R200 cyan check pattern problem

vbimport

#1

i have a r200 printer which has ran fine for ages, but have come across a problem with the cyan print head, it prints all the ink heads but theyre not in proper order, i have cleaned heads on numerous occasions but tis not a lack of ink its the positioning of the print heads on the inksof the cyan
its the alignment of the printout





it should look like this but lines go diagonally but im getting them horizontally and not in alignment i have rec calibrated printer on numerous occasions so its not that either.


#2

If you mean the pattern sketched and attached below (with rogue alignments circled), I have had this for a while on a black cartridge and only just got round to sorting it out. As you found, no amount of ink priming or both types of re-alignment, nor cleaning the chip contacts could cure it; even cleaning the whole print head from beneath and ink waste pad didn’t help.

Reading around several forums, this can apparently happen after the printer has been standing unused for a long time, or there’s a bubble in the tube of a continuous ink supply system (CISS). Since I don’t have a CISS, the only solution seems to be to change the individual print cartridge and allow the fresh ink to soften any old stuff potentially causing a blockage. I just did that and although not completely cured, it has got a lot better. On a couple of forums, I saw that it might take at least a week of occasional daily use to get rid of the misalignments.



#3

[B]Update:[/B] after a few days the alignment is definitely improving, just printing the ‘Nozzle Check’ pattern and a single page of black text once a day.

Only 3 misaligned bits now, compared to more than 15 in the beginning…


#4

[B]Update[/B]: after several days it is still improving. Managed to get some real images of the nozzle check output, showing the actual progress from the start:

[ol]
[li]Original state
[/li][li]After cartridge replacement
[/li][li]After 3 days
[/li][li]After 4 days
[/li][li]After 5 days
[/li][/ol]



#5

[B]Update:[/B] Nozzle check now shows perfect results. :slight_smile:


#6

I had a similar problem a few years back. I purchased some cleaning cartridges and run a full cycle through the system and it unblocked the heads I was having problems with.


#7

Where did you get the cleaning cartridges, & how much did they cost?


#8

[QUOTE=Steve83;2161203]Where did you get the cleaning cartridges, & how much did they cost?[/QUOTE]
Here’s a good source with several options :
http://www.alotofthings.com/viartshop/products.php?category_id=73
Make sure you select the correct type for your printer.

PrintPal and Abacus have had them also, under the G&G label.

Do the following at your own risk :
I refill and have made up my own cleaning carts for an older Epson using [B]1 part Isopropyl Alcohol[/B] 90% (or better and no fragrence) and [B]2 parts Windex Original[/B] w/ammoniaD (not dripless)

Simply refill a spent cart of the color you want to work on with the above mixture. The residual ink in the cart acts as a tracer. I never exposed the printhead to this solution for more than an hour or so, then I would flush with a normal cart using a test page with a large block of the color being worked on.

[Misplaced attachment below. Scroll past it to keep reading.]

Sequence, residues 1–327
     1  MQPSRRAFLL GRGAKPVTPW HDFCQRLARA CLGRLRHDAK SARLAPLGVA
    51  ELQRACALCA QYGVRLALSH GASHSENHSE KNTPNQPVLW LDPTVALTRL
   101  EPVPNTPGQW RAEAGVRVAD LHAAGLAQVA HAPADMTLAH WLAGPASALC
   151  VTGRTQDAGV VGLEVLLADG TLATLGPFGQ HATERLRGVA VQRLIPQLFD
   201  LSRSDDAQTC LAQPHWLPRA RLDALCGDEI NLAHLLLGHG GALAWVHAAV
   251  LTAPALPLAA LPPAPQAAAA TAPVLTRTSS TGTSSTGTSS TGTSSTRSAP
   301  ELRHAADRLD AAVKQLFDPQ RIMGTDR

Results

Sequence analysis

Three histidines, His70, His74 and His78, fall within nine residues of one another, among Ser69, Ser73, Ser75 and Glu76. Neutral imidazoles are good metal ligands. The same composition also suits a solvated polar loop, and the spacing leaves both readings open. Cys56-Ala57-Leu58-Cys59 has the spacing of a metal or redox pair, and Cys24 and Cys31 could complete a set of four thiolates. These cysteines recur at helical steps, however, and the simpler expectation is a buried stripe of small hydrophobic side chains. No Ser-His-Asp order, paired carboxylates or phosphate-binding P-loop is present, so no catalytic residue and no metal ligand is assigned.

The same test page would have been used to flow the formula earlier.

Credit goes to Art Entlich for that formula.


#9

Isopropyl and windex both can leave residue in/on the print head which would be best avoided. Most of the cleaning tanks sold simply contain the ink base with no dye in it, which a good “solvent” and leaves no residue. Most all of the ink sellers offer cleaning solvent and cleaning tanks.


#10

[QUOTE=CDan;2161279]Isopropyl and windex both can leave residue in/on the print head which would be best avoided. Most of the cleaning tanks sold simply contain the ink base with no dye in it, which a good “solvent” and leaves no residue. Most all of the ink sellers offer cleaning solvent and cleaning tanks.[/QUOTE]
Definitely not for the faint of heart, but…
Never, ever had a problem with the above formula used correctly. It has rescued many a printer from the recycle bin.
It is a go-to for many of us printer rebuilders/rehabilitators who use it in far more aggressive ways than in cleaning carts, with excellent, [B]long-term results.[/B]
I have however, seen where it is poo-pooed by those that want to sell their own solvents.

The key with any printhead cleaning solvent is to limit exposure and effectively flush afterwards. I have to say “use at your own risk” because I cannot control how it is used.


#11

[QUOTE=jflan;2161381]
The key with any printhead cleaning solvent is to limit exposure and effectively flush afterwards. I have to say “use at your own risk” because I cannot control how it is used.[/QUOTE]

True enough. Many times I have read people saying they cleaned the print head then “left it out to dry” only to find that now it doesn’t print at all. :rolleyes: